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OhioHealth Tests System for Tracking Hand-Hygiene Compliance

A trial of RFID-enabled hand-washing stations has allowed supervisors to view usage and takes steps to promote compliance, while personnel can view their own performance and that of their colleagues.
By Claire Swedberg

Although the badge can be read from a distance of 5 meters, the rooms are large enough that once a worker enters a room to visit a patient, the badge ceases to be read. When the staff member begins moving back toward the door, the badge's tag is again read, and the system presumes that the worker is now leaving the patient room and must wash his or her hands again. That action is also saved in the software. IBM Research's software on its hosted server tracks employees' ID numbers but not their names. However, the hospital itself maintains a record of which worker is associated with which serial number.

When the technology for the pilot was first installed, IBM Research provided the hospital with weekly or daily reports indicating the rate of compliance for each ID number, as well as for the groups in which the corresponding individual worked. However, the software has since been modified so that managers can access that data themselves every 15 minutes, enabling the managers to then link an ID number to a particular individual and thereby view how that person has been performing while on duty. "As a manager, I want to be able to give a person feedback," Rutherford says. Rather than knowing generic results from a group after a certain period of time, he prefers to access data while the workday is still underway. "I can take someone aside and thank them for their high compliance," he explains, "or I can talk to someone if their rate is low."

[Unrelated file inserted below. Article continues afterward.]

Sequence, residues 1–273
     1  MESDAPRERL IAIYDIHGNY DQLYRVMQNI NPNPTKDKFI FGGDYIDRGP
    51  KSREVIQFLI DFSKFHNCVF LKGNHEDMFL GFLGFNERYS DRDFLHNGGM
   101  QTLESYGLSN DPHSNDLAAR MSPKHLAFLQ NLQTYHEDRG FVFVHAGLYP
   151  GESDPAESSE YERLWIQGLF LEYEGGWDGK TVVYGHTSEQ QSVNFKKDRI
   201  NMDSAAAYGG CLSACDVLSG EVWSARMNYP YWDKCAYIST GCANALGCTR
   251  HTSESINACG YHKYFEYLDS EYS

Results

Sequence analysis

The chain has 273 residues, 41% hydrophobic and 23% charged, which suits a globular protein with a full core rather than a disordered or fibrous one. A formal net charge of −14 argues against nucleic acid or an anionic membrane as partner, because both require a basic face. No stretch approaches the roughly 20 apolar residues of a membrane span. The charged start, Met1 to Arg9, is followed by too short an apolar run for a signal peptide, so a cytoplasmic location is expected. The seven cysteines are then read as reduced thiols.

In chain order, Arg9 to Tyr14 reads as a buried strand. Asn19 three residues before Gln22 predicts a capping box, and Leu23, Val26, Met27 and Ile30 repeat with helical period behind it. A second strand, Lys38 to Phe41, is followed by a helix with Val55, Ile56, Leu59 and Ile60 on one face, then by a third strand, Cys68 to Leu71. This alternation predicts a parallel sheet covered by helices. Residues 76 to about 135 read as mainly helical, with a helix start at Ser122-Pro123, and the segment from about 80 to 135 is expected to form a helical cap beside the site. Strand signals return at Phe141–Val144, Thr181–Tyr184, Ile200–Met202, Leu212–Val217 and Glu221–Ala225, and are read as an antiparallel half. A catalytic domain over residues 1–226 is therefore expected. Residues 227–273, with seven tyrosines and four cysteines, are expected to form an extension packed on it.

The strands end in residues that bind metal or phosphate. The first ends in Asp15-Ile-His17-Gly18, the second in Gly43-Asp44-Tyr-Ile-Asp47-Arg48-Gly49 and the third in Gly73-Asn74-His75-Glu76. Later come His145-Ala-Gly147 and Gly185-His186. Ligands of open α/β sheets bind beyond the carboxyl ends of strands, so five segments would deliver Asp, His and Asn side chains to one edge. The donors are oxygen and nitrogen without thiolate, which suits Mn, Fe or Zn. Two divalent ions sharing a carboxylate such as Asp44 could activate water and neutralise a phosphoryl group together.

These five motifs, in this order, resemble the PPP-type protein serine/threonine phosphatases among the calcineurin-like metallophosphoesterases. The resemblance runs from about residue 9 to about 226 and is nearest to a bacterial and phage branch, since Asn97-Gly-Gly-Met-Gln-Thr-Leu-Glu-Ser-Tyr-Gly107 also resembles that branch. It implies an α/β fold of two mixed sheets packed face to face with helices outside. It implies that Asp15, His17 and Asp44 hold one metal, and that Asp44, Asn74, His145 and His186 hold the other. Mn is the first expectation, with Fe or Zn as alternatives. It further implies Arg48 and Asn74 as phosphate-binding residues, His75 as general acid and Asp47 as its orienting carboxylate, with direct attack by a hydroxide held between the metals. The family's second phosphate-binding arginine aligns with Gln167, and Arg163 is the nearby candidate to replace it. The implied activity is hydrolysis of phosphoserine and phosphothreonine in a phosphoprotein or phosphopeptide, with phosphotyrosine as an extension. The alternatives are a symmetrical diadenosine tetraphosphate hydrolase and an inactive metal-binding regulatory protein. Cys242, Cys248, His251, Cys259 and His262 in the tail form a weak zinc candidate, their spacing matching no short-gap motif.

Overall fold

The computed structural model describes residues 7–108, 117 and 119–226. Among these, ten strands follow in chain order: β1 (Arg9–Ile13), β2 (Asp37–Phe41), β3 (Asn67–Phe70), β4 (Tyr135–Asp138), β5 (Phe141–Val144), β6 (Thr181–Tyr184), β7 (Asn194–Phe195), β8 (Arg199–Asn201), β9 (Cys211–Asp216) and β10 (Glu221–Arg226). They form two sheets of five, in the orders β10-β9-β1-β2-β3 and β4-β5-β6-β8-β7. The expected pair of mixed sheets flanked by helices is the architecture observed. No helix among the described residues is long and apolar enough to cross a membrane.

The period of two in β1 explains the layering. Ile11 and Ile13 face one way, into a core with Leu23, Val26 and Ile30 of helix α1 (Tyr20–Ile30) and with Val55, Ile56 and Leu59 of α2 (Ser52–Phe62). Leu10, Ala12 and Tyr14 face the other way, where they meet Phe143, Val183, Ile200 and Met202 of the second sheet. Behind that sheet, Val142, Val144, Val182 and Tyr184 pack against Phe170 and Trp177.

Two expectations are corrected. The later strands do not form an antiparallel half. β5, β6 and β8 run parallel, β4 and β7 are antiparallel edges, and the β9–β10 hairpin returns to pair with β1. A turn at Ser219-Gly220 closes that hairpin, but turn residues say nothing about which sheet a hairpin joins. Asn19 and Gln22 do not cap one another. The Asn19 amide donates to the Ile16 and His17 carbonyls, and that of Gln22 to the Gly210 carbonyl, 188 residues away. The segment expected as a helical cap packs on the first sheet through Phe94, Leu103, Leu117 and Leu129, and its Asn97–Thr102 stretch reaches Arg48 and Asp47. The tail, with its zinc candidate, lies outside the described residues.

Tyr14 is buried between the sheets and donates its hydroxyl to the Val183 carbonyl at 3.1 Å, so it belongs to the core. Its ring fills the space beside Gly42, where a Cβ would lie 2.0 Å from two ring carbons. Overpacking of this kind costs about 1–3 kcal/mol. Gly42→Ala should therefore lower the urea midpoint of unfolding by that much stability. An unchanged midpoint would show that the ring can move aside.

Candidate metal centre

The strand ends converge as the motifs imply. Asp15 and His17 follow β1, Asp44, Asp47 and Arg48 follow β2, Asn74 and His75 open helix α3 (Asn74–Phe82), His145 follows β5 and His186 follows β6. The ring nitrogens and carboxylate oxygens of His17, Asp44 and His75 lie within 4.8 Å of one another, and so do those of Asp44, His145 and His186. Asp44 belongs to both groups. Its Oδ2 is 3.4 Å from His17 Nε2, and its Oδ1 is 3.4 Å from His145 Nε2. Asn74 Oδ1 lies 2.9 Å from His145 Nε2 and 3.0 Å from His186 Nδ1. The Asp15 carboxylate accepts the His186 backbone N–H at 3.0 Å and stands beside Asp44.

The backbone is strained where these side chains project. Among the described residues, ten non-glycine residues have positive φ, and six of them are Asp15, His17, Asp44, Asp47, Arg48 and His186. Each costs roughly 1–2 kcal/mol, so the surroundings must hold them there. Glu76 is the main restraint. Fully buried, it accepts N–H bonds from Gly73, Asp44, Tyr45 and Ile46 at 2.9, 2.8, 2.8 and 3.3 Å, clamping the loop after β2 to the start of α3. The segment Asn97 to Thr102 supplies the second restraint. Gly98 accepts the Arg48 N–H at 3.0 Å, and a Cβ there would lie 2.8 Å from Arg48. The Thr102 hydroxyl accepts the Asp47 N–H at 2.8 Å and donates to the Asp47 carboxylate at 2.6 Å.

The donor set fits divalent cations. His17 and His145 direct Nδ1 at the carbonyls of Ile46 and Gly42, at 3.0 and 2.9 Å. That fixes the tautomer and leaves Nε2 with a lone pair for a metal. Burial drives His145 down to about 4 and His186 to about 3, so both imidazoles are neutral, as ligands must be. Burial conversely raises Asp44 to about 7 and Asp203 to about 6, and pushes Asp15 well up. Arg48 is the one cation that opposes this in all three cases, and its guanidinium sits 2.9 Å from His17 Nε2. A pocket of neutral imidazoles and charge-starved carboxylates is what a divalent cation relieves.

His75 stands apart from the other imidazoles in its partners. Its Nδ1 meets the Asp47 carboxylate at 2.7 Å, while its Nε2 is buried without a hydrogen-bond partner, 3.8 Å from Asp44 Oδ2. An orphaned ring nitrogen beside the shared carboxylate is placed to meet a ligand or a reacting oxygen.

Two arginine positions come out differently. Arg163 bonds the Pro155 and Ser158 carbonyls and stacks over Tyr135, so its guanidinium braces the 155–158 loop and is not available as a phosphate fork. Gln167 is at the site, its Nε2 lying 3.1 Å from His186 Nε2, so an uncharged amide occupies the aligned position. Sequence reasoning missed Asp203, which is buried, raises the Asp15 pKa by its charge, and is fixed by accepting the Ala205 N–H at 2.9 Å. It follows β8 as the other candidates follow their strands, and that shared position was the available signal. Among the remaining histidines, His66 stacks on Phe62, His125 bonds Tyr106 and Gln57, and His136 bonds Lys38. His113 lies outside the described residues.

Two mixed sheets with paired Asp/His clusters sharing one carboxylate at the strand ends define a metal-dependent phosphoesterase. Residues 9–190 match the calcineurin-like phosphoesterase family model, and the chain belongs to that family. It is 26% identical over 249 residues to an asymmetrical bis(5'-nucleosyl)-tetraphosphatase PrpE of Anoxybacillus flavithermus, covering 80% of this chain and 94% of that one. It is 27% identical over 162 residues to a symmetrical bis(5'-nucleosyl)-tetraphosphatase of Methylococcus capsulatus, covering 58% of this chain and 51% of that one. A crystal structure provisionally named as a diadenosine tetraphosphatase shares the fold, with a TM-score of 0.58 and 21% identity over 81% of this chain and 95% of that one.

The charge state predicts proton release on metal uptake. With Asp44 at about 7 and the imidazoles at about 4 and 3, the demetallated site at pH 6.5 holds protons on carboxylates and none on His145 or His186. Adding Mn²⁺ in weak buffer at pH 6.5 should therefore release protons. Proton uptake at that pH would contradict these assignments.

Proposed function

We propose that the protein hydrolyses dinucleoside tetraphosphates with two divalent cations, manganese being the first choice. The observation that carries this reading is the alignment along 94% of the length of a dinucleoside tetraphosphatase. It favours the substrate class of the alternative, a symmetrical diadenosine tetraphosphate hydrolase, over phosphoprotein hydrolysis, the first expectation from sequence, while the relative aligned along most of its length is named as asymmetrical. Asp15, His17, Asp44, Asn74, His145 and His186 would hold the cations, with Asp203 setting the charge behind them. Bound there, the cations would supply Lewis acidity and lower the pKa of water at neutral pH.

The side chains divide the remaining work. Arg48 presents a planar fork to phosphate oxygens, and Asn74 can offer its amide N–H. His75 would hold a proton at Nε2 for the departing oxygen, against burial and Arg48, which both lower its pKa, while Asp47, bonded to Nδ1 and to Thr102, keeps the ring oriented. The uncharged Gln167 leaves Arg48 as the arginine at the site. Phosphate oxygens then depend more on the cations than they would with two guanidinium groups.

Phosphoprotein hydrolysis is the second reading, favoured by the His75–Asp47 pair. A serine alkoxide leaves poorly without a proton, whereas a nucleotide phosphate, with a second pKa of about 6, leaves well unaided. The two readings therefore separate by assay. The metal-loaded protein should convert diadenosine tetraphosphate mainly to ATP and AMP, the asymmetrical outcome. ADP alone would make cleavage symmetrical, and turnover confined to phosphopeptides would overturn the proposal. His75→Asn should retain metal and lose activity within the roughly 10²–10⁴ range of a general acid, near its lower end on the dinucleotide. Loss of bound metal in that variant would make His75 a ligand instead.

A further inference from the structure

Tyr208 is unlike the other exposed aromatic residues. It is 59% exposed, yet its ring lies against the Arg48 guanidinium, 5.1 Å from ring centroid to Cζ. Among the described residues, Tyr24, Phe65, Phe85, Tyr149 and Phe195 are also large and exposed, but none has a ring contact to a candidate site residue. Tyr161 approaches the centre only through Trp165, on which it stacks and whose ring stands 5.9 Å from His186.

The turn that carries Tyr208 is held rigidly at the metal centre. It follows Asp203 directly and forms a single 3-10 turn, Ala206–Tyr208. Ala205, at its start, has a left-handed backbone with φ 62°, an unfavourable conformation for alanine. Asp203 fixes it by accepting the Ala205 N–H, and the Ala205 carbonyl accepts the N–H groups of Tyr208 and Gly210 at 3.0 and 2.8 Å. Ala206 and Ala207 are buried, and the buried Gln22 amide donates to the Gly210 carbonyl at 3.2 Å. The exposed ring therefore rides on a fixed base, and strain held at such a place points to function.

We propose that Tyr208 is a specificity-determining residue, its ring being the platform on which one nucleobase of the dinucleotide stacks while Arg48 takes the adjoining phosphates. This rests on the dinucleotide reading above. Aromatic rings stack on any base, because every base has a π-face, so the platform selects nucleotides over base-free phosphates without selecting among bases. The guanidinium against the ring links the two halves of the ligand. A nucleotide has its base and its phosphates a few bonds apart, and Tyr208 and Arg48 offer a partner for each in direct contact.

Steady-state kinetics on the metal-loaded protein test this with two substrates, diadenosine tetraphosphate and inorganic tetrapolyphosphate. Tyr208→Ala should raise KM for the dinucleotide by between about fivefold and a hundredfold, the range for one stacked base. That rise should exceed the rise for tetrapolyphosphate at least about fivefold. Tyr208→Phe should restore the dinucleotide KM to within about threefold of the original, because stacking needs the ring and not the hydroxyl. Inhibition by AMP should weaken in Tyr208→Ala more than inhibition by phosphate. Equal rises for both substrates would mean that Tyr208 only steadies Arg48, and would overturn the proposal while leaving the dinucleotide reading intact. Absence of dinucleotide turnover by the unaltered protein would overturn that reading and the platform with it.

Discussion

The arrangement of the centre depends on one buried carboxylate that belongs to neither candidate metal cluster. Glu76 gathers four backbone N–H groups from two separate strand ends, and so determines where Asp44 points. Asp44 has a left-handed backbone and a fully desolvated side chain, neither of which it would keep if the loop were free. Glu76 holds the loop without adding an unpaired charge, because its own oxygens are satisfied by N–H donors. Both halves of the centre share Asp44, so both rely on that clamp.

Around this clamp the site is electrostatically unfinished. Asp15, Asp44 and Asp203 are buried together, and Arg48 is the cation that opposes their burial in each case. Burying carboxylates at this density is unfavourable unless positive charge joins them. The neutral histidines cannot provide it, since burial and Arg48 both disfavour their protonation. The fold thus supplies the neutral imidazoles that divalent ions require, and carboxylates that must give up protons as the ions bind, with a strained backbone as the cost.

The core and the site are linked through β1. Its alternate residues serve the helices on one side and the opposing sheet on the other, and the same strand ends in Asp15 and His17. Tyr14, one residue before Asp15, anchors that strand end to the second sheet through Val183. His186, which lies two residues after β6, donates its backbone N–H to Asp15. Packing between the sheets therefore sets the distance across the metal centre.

As part of the test, this sanitizer dispenser, mounted inside a patient room, has been connected to an LMT sensor, consisting of a 433 MHz RFID reader for identifying hospital personnel and a 2.4 GHz mote that transmits hand-hygiene data.
When Rutherford began posting a list of ID numbers and compliance rates, he says, staff members became interested in viewing their own results and ascertaining how they measure up against coworkers. As result, those with low compliance rates have begun to increase their hand-washing behavior in an effort to raise their rates. In fact, Rutherford notes that he, too, wears an RFID badge and often checks his own compliance rates to determine how he is doing.

Ultimately, Rutherford notes, it is impossible to attribute a change in the infection rate to one specific behavior, such as hand hygiene. However, he says, the technology "increases awareness, which also increases compliance," and that should "contribute to a reduction in infection rates."

The next step could be to expand the RFID technology's deployment to additional floors, sometime in 2014. Rutherford says there are not yet any specific plans for such an expansion, so in the meantime, the hospital will continue to evaluate the current deployment's performance.

IBM Research has been designing sensor-based wireless communication systems for several years, Bermudez says. These solutions have been installed at museums, for example, to track temperature or moisture levels wirelessly.

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